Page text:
What’s long jump?

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The long jump is a track and field event where athletes jump from a stationary or moving position onto a sand airstrip. The distance is measured from take-off to the first mark of the jumper’s body to touch the ground. The jump must be done behind a certain line and is usually preceded by a short sprint. The take-off is the most important part and can be performed in different ways. The landing is measured from the first part of the body to touch the sand. The long jump has been a popular individual sport since the 19th century and has seen many famous athletes participate in international competitions.

The long jump is a jump in track and field events. Also known as a long jump, it can be performed from a moving or stationary position. The distance of the wide jump is measured from the take-off to the mark of the first part of the jumper to touch the ground. The jump must be done behind a certain line and is usually preceded by a short sprint. The jump landed on the airstrip, which is usually made of fine sand. The long jump, like the high jump, was started in the ancient Olympics in Greece and is popular in modern summer Olympic events.

Jumping involves strength, speed and agility and has featured world-class athletes participating in international competition since the 19th century. It can also be seen at the high school and collegiate levels, and is practiced in physical testing for younger ages. As an individual sport it forced many famous Olympic athletes, including Carl Lewis, into a foray away from sprinting; Jesse Owens, who set the world record in 1935; Bob Beamon, who broke Owens’ record in 1960; and Mike Powell, who broke the world record in 1991 with a jump of 8.95m (29.4ft).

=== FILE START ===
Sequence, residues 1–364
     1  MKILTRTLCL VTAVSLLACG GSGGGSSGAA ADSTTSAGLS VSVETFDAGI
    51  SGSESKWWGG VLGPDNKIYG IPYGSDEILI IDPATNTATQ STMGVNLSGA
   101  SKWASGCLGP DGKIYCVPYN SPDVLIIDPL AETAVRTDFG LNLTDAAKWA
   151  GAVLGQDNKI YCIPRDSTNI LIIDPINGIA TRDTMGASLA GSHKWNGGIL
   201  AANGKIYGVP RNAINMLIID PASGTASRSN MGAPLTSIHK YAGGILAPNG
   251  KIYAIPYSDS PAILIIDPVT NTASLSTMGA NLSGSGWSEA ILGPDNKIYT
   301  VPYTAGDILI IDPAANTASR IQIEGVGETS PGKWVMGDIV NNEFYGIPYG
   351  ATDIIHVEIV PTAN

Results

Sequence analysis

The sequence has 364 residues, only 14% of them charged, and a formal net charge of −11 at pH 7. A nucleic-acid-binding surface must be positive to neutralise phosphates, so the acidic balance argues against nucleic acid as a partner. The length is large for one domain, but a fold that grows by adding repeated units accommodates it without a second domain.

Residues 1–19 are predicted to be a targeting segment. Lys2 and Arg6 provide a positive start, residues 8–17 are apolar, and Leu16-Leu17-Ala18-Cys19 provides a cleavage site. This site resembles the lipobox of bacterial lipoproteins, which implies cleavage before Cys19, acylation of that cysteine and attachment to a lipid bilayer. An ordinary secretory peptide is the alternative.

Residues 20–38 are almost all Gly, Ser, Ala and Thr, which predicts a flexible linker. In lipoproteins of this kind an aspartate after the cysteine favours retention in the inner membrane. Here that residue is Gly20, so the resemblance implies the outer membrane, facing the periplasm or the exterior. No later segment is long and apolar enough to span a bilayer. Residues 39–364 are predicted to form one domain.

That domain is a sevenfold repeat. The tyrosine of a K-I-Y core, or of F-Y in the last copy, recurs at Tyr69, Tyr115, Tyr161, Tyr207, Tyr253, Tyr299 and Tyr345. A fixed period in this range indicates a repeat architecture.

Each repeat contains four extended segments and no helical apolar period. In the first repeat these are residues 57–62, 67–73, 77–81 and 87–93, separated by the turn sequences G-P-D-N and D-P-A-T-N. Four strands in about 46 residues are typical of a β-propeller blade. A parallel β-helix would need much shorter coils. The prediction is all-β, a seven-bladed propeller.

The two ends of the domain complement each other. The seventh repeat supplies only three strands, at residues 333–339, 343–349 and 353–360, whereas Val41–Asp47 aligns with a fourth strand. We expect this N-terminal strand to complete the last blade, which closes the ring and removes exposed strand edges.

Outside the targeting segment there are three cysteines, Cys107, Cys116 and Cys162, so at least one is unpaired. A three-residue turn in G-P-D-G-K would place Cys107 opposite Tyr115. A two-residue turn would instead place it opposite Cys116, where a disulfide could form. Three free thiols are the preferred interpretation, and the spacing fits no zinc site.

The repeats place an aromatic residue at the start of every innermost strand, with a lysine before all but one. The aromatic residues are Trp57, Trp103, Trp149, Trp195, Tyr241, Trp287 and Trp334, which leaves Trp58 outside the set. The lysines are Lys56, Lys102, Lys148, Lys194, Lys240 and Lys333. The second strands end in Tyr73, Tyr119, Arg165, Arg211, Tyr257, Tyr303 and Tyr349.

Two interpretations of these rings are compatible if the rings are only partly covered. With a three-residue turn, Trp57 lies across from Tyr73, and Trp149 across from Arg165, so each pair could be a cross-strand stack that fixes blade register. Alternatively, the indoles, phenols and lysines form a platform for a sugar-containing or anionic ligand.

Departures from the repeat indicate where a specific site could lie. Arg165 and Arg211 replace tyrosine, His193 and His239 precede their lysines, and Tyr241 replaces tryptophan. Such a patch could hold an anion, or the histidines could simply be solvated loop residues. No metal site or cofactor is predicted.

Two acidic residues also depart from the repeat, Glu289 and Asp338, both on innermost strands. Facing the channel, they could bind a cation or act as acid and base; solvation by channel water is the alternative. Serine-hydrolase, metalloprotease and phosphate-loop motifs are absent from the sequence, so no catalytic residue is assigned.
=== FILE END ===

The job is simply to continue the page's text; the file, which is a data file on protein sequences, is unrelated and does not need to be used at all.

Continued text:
The big jump begins with the contestants running around the track, which is generally a rubber or vulcanized rubber track surface. The approach down the track is important in establishing the jumper’s speed, with higher speed producing more energy for a longer jump. The last two strides are performed with particularly high technique, as they play an important role in the character of the jump. The penultimate stride is longer than the previous ones as speed and power increase, while the last stride is shorter. The last step is accompanied by a lower center of gravity and the short step helps to offer an explosive position for take-off.

The take off, the most important part of the long jump, is performed in many ways. Above all, the previous steps must be coordinated with the take-off line, which the runner cannot cross. Strides also need to position the jumper to make a wide-footed jump, not relying too much on the heels or toes, onto the airstrip. Wide jump takeoff styles vary from double arm, which pushes the arms back and hips forward; sprinting, a simple method with arms pumping and legs at normal pace; and the leap method, which propels the rear arm in a straight line giving the jumper additional reach.

The wide jump landing into the pit is measured from the first part of the jumper’s body to touch the sand. The mark closest to the take-off point will be used to measure jump distance. If a jumper lands on his feet and then falls backwards due to lack of balance, the position of the fall is measured as balance was not maintained during the jump. The long jump, like many Olympic and individual events, has seen a dramatic increase in feats and numbers in the last half of the 20th century and into the early 21st.

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